So, once you have these thiols, what can you do to preserve them? The key thing is temperature of storage, because the very aromatic passion fruit thiol 3MHA is transformed back to 3MH by acid hydrolysis. If Sauvignon is stored at 10 C then after two years you will have lost half your 3MHA. If you store it at 20 C then you lose half every two months. So shipping temperatures are important, and you might want to store wine cool and have several bottling runs.

The complex story
This is the simple story. But there's a more complex story, too. Humans are not measuring devices; green is more than just methoxypyrazines; and thiols aren't quite as important as we thought they were.

Wine flavour chemistry
First, we need to think a bit about wine flavour chemistry. The wine is a whole, and we need to consider the flavour molecules in wine together. It's possible to split wine aroma chemicals into three main groups: global wine aroma, contributory compounds and impact compounds.

Global wine aroma
This is the set of molecules found in almost all wines which gives the base wine aroma. Wine smells of wine!

Ethanol (don’t underestimate this one!)

Higher alcohols (e.g. butyric, isoamylic, hexylic, phenylethylic)

One present in grapes (β-damascenone); rest produced by metabolism of yeasts

20 aromatic chemicals in all wines make global wine odour

Acids (acetic, butyric, hexanoic, octanoic, isovaerianic)

Ethyl esters from fatty acids


Contributory compounds
These contributory compounds are a group of 16 compounds present in most wines, but at low levels. They frequently occur below the detection threshold, but they have an effect that is synergistic with other aroma compounds.

Impact compounds
Then we have the impact compounds. Not all varieties have these, but many do. They are aroma molecules with a strong imprint on the wine. These are some examples: 

Polyfunctional thiols (mercaptans) - 4MMP, which has a box tree aroma (4.2 ng/litre detection threshold), 3MHA, which has a tropical fruit scent (60 ng/litre) and 3MH

Rotundone: gives pepperiness to Syrah, at incredibly tiny concentrations

Methoxypyrazines: 2-methoxy-3-isobutylpyrazine (MIBP) is the key one

Monoterpenes, such as linalool, floral, citric aromas

Rose-cis oxide: characteristic of Gewürztraminer

The non-volatile wine matrix
These are wine constituents that don’t have any aromatic characteristic of their own influence strongly the way that the various aromatic molecules present in wine are perceived. Work by Vicente Ferreira has looked at this, with surprising results. If you take white wine aromatics and add them to the non-volatile wine matrix of a red wine, the wine will smell like a red wine, and vice versa. The matrix is having a powerful effect on the smell of the wine, even though it doesn't smell itself.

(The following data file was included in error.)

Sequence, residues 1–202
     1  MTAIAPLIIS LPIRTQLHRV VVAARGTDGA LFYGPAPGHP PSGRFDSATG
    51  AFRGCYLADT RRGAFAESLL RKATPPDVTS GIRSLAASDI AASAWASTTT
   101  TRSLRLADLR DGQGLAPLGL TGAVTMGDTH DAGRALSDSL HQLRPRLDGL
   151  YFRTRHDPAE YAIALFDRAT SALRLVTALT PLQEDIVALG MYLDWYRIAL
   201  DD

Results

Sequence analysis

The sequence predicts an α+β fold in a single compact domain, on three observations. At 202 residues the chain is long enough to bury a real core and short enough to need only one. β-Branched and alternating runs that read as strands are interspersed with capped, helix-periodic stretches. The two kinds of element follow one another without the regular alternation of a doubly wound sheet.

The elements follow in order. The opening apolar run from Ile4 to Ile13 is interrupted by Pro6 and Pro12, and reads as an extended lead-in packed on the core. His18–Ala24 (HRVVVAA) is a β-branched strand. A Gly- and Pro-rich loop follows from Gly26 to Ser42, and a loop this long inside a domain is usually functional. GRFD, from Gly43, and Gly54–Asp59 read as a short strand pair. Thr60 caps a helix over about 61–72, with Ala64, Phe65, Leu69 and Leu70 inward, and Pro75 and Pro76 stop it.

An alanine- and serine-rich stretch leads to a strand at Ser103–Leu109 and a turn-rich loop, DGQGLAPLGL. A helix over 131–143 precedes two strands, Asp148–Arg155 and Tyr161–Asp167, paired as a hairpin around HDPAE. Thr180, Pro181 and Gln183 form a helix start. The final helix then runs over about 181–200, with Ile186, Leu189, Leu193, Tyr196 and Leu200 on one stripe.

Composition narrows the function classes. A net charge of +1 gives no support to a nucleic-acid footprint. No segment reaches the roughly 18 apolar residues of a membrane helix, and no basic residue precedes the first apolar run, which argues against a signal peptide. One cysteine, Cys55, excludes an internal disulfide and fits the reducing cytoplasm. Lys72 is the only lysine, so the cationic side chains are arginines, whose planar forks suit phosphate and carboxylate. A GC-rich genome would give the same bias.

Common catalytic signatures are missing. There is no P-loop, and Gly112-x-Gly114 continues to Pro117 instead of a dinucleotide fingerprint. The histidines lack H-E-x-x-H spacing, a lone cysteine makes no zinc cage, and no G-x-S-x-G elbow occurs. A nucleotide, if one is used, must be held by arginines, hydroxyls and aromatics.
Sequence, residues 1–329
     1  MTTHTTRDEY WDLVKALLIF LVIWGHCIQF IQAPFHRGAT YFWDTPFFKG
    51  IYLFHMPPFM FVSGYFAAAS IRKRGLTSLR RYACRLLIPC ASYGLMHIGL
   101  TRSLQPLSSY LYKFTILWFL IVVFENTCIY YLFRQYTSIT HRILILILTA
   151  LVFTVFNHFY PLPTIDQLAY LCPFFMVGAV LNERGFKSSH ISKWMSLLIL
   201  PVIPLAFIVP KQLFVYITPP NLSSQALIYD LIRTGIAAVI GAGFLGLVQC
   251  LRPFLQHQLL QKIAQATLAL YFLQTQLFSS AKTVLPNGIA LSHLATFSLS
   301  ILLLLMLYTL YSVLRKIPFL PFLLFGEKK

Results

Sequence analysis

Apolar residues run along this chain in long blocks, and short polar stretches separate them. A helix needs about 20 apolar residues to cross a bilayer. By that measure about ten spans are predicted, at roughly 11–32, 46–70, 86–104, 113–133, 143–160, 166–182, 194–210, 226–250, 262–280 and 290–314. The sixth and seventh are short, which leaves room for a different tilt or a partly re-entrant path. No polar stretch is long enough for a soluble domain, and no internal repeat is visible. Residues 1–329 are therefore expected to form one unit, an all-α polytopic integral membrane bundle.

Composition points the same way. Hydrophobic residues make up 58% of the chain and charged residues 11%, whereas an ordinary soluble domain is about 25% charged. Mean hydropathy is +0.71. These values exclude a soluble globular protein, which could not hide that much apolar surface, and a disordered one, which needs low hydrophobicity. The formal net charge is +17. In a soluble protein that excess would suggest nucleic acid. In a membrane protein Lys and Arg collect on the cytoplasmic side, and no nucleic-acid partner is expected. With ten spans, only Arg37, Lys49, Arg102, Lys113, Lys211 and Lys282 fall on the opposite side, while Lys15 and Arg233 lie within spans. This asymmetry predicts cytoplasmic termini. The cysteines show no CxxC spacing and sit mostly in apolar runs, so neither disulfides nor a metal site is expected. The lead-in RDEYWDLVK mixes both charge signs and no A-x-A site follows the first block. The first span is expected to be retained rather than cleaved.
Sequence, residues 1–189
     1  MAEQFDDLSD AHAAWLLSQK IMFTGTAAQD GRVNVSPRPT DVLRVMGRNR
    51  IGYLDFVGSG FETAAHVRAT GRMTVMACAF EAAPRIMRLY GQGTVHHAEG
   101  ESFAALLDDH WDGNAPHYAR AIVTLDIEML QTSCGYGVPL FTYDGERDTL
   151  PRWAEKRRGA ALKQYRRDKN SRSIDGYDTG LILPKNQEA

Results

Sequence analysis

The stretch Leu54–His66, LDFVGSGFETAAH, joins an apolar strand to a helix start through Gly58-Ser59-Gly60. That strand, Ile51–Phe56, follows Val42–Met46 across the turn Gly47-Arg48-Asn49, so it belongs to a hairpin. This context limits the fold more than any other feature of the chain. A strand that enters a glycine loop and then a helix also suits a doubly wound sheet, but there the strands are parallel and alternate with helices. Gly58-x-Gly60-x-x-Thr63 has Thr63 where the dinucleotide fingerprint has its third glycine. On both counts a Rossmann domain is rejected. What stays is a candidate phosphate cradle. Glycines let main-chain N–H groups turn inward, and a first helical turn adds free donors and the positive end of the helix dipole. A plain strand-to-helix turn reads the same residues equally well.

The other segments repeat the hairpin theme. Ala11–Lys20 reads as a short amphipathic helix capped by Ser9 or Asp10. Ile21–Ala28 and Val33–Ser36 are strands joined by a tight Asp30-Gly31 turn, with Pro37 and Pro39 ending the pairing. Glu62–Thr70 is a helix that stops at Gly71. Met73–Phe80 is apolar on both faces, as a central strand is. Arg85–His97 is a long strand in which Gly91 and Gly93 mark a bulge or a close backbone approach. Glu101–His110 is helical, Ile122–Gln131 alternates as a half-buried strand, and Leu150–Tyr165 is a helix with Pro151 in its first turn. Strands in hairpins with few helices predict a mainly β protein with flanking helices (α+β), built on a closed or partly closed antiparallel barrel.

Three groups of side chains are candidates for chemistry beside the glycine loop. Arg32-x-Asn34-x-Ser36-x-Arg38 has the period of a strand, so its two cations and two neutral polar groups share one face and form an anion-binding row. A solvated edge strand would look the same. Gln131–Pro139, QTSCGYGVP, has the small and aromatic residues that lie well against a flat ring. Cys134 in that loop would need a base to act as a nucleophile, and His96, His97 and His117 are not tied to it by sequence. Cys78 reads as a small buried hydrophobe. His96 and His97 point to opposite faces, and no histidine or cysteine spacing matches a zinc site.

The significance? It's important to consider the wine as a whole. While we sometimes need to break wine down into its components to understand it, we need to be aware that all these aroma compounds act together to create wine flavour. This is where reconstitution experiments are interesting.

Reconstitution experiments
Work by Frank Benkwitz, Laura Nicolau and colleagues has examined Sauvignon aroma by looking to see which the important aroma compounds are, and then taking a deodorized wine base and adding these compounds at their original concentrations to create a model wine. The power of this approach is you get to look at how aroma compounds interact in the context of the wine. You can take out one compound at a time, or in groups, or in any combination you want. Some of the results are very interesting.

The terpenes linalool and α-terpineol had a huge impact when omitted, even though they are present at relatively low concentrations. If esters are removed, there is a small drop in intensity for most of the descriptors, and a large decrease in ‘passion fruit skin stalk’ and ‘sweet sweaty passion fruit’, both of which were previously thought to be associated with thiols. What these results indicate is that the thiol story is just a little bit too simple, and we need to think about interactions among the different flavour molecules.

One further twist. Green is more than just methoxypyrazine. Recent results indicate that the green pepper character comes from the green-smelling C6 compounds such as hexanal, as well as the methoxypyrazines. Also, the mix of thiols and other compounds can also add to greenness. Asparagus aroma has an influence from dimethyl sulfide.


What can we conclude? Thiols and methoxypyrazines are elevated in Marlborough Sauvignon, and they are important in helping produce such distinctive wines, with green allied to lovely fruity aromatics. But there's more to Sauvignon than just these two impact compounds. This is a list of some of the important compounds in Sauvignon aroma.

  • Thiols

  • Esters

  • Methoxypyrazines

  • Higher alcohols

  • Terpenes

See also:

Carbonic maceration
How wine is made